• BurgendyA
    2019-02-06 14:25

    This book is the English translation of"Journey to the West". If you are interested in Asian studies, you must read this novel. This book has been in my reading list for two years. I added when I took a course in the university, the class was Asian Society & Culture. It was a very interesting class and the professor mentioned this book as one of Asia Classic. Now I totally see why after reading Journey to the West. Many modern Asian anime, comics, and stories are adaptations of this one or are based on it. I found this out from my former class & did some research. The main character is a mischievous monkey that is the Monkey King and later on named Sun Wukong, who becomes immortal by eating a peach of immortality from the garden of the gods. He studies Taoism and gains special powers. His punishment is to escort a monk from China to India in search of the Buddhist scriptures and spread their wisdom to the land of the East. On the way they encounter many different monsters, funny adventures, and two more companions: a pig, and a sea monster. I admit that the book is pretty long, but it didn’t feel as long or lingered for me. Since the tale was so thrilling and mesmerizing that it made it hard for me to put it down. Luckily this translation includes an extensive explanation of certain Chinese terms along & with footnotes that help understand some of the terms. This novel is a must read for all. It is unforgettable journey that you follow along. I can’t wait to read the next volume to it. I give the book two thumbs up & 10 top stars.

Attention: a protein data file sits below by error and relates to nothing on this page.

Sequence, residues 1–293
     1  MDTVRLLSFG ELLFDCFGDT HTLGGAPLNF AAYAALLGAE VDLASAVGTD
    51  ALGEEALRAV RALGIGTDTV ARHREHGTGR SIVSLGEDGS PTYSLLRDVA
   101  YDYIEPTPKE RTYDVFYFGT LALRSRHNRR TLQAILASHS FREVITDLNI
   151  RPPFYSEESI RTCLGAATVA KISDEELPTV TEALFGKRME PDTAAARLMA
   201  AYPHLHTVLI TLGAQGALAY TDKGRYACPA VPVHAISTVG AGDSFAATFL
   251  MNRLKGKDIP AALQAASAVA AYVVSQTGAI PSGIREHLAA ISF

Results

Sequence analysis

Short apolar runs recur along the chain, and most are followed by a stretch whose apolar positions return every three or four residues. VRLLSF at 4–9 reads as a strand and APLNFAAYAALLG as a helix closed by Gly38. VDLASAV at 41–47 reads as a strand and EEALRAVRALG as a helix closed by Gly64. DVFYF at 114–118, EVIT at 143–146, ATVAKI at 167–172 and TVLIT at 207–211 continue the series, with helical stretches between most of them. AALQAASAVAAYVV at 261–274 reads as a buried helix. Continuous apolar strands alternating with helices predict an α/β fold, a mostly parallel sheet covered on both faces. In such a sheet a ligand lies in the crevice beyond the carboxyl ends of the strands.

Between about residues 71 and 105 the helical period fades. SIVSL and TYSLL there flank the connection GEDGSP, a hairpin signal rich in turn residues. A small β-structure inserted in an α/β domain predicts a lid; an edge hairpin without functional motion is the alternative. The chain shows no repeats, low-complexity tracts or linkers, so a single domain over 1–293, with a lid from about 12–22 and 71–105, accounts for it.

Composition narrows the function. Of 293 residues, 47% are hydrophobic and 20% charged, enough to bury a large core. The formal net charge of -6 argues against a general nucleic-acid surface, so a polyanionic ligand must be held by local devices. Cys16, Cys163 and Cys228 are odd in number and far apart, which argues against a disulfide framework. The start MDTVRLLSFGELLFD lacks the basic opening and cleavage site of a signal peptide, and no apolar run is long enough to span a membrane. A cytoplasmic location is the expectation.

• Tom
    2019-01-29 16:48

    An eye-opening, fascinating and often funny story that displays the culture of the time and teaches a little about Buddhism along the way. However, towards the end of the first volume the travels begin to become quite episodic.The episodic nature of the chapters is not a great problem, but the fact that more often than not the author resorts to the same deus ex machina way of sorting out the pilgrims' problems could quickly become tiresome in volume 2.Despite that, this gets 4 stars because I'm a great fan of the interaction of the characters and the characterisation of Sun Wu-Kung.